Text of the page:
• Movie

Just about every year, brilliant movies are utterly ignored by the Oscars. The Searchers, Groundhog Day, Breathless, King Kong, Casino Royale, Touch of Evil, Caddyshack, Mean Streets, The Big Lebowski, Shame — the Academy has a long history of overlooking comedies, action movies, horror flicks, hard-boiled genre pics, artsy foreign films, and documentaries that aren’t about World War II. This year, we’ll be taking a closer look at films that were too small, too weird, or perhaps simply too awesome for the Academy Awards. These are the Non-Nominees.

The Film: Blackfish, a gripping documentary about the devastating consequences of keeping orcas in captivity — especially as performing attractions at theme parks like SeaWorld. Though the Academy snubbed the film, it’s been as popular with audiences as it was with critics; Blackfish was the third-highest-grossing documentary of 2013 that didn’t star One Direction or Justin Bieber. (The only docs that out-earned it, 20 Feet From Stardom and The Gatekeepers, both got Best Documentary Feature nods, the former this year and the latter in 2013.) Huge numbers of people — 21 million in total, over multiple airings — have also watched Blackfish on CNN.

Why It Wasn’t Nominated: Clearly, Blackfish aspires to be more than a movie. Its thesis states that orcas are highly intelligent, social animals who grow depressed and, in some cases, psychotic when held in what amount to large saltwater bathtubs; its official website includes a section titled “Take Action,” which encourages horrified viewers to learn more about orca conservation. And as a catalyst for change, it’s been pretty successful: SeaWorld protests are on the rise. Several high-profile musical acts, including the Beach Boys, Trisha Yearwood, and Pat Benatar, have canceled performances at SeaWorld and affiliated park Busch Gardens in the doc’s wake. SeaWorld has also felt financial ramifications, including dropping attendance and slumping stock prices. (Shares rose, however, the same day Blackfish failed to garner an Oscar nom, which hardly seems like a coincidence.)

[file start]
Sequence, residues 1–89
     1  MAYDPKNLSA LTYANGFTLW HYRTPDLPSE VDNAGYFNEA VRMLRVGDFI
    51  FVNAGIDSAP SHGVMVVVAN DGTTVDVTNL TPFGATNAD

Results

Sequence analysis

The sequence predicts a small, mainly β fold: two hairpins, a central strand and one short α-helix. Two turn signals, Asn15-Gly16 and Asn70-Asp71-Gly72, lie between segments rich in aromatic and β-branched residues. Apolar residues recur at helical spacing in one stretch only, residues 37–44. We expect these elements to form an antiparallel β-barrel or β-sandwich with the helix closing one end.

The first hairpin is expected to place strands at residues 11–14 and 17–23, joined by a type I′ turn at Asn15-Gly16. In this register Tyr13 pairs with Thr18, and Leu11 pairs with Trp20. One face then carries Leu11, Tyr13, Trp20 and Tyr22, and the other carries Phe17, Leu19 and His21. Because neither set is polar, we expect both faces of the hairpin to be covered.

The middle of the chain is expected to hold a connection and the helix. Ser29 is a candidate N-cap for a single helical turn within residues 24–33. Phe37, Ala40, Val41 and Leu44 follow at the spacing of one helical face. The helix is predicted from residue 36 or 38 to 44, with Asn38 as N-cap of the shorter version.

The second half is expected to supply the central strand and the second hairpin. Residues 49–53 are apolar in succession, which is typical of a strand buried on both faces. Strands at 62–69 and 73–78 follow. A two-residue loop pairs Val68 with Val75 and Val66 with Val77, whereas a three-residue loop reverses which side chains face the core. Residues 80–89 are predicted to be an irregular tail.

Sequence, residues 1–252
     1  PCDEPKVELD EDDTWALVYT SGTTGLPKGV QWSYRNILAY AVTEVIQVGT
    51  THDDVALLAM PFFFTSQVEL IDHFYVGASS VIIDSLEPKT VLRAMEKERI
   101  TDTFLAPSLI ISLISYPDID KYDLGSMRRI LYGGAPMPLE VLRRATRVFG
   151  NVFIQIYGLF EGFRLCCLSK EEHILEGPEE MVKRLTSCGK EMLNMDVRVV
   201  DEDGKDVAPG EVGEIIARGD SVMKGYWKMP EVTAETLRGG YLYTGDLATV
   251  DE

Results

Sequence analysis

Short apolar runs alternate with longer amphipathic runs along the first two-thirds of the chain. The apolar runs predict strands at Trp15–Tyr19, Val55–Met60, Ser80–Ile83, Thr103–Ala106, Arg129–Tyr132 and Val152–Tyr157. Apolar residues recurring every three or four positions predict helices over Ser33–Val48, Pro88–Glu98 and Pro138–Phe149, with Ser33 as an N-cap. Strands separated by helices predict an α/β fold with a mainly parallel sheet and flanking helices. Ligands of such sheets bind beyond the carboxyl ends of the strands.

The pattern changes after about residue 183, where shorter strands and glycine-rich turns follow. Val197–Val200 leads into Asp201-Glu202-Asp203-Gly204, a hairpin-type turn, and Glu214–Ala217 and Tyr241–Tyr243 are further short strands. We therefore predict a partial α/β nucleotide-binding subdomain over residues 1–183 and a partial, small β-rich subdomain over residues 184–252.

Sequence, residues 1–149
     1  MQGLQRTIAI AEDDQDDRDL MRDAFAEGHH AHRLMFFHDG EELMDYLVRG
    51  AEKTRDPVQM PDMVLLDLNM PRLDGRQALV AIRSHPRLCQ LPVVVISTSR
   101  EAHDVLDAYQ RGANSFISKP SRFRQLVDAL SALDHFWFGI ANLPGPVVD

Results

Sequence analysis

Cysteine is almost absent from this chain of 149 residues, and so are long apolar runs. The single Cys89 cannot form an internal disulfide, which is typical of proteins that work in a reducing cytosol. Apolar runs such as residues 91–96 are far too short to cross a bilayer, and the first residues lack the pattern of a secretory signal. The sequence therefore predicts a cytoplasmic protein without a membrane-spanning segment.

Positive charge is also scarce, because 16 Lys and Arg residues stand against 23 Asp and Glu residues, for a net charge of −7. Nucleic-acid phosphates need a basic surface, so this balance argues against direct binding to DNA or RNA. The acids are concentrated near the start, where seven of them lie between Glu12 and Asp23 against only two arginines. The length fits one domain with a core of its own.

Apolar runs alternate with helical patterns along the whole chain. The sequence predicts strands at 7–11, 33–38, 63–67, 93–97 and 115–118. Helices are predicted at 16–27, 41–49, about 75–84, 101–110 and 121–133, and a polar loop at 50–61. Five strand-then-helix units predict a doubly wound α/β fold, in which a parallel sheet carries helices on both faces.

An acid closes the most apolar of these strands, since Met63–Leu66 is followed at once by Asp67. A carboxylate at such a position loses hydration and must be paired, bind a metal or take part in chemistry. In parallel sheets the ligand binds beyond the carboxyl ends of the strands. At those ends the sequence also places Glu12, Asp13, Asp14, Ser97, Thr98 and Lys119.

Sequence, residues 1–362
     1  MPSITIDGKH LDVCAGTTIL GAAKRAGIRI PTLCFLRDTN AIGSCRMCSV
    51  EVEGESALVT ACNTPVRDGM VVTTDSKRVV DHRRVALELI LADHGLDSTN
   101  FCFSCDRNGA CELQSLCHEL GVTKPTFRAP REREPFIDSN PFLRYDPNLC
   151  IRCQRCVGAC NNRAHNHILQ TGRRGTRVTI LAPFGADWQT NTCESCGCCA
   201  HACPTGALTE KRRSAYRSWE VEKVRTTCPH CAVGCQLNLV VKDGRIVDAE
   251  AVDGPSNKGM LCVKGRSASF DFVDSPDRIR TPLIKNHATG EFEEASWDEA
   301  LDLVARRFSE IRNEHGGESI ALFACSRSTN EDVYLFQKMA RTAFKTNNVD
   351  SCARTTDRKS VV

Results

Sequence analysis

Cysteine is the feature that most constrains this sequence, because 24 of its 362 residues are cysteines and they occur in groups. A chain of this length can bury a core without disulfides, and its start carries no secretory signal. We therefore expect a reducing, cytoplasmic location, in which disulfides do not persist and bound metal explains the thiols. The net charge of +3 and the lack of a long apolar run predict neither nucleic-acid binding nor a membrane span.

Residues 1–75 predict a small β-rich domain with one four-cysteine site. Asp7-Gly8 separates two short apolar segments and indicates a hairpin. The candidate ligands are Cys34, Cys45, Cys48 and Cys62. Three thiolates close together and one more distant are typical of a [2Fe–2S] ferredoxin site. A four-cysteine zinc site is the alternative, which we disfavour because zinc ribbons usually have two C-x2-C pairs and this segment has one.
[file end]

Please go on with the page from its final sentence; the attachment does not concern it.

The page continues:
Historically, the Oscars have had nothing against docs with an agenda to push: In the past 10 years, whistleblowers including Gasland, Sicko, Super Size Me, and Food, Inc. have all been nominated for the genre’s biggest prize. The Cove, which covers material similar to that of Blackfish — its star is a former dolphin trainer-turned-activist — even won Best Documentary Feature at the 82nd Academy Awards. In Blackfish‘s case, however, the film’s message seems to have overshadowed the film itself. Director Gabriela Cowperthwaite said as much in a recent Los Angeles Times interview, noting that voters may have seen her film less as a work of art than as “art doing work.”

There’s also the matter of the film’s construction: “A lot of times, the documentaries that do well have a lot of original footage, and a lot of the footage in Blackfish is archival,” Cowperthwaite tells the Times. “I wanted this to be an airtight document that could be launched out there and do work in spite of me, without filmmaker craft — a fact-based narrative that could do good work in the world.” It’s an understandable goal, even a noble one — but perhaps “filmmaker craft” is something the Academy weighed more heavily than Blackfish‘s meticulous research or message.

Why History Will Remember It Better than Philomena: Mainly, because of the profound effect Blackfish has had and continues to have on the orca entertainment market — despite SeaWorld’s best efforts. Since its release last summer, the park has been waging an aggressive campaign against the movie, attempting to refute its claims with everything from full-page newspaper ads and op-eds to letters sent directly to film critics and a lavish new webpage — — dedicated solely to bringing Blackfish down. “The one thing that I want people to know after watching the movie is that it’s not true,” trainer Holly Byrd says in one of the site’s testimonial videos. It appears above an article titled “Why Blackfish is Propaganda, not a Documentary.” It’s unclear whether all this damage control can repair the park’s reputation — but as long as SeaWorld keeps talking about Blackfish, the film will stay in the news and on people’s minds.

Perhaps more importantly, Cowperthwaite’s work isn’t just a message movie — it’s a beautifully made, heartbreakingly told narrative that inspires profound despair and righteous anger in equal measure. The lion’s share of Cowperthwaite’s footage may be archival, but it’s deftly deployed. Her filmmaking itself is remarkably restrained, especially considering both Blackfish‘s subject matter and the gimmickry that often comes with agenda-pushing docs. (See: Moore, Michael.) Cowperthwaite and her team should also be commended for convincing so many former orca trainers to speak on the record, which can’t have been easy.

Maybe the Oscars simply care more about human stories than animal rights; maybe 20 Feet From Stardom took the Best Documentary Feature category’s only “commercial hit” spot; maybe a majority of voters believe SeaWorld’s side of the story. Regardless, Blackfish is as breathtaking as a killer whale leaping into the air — and it certainly deserved the Academy’s consideration.

  • Movie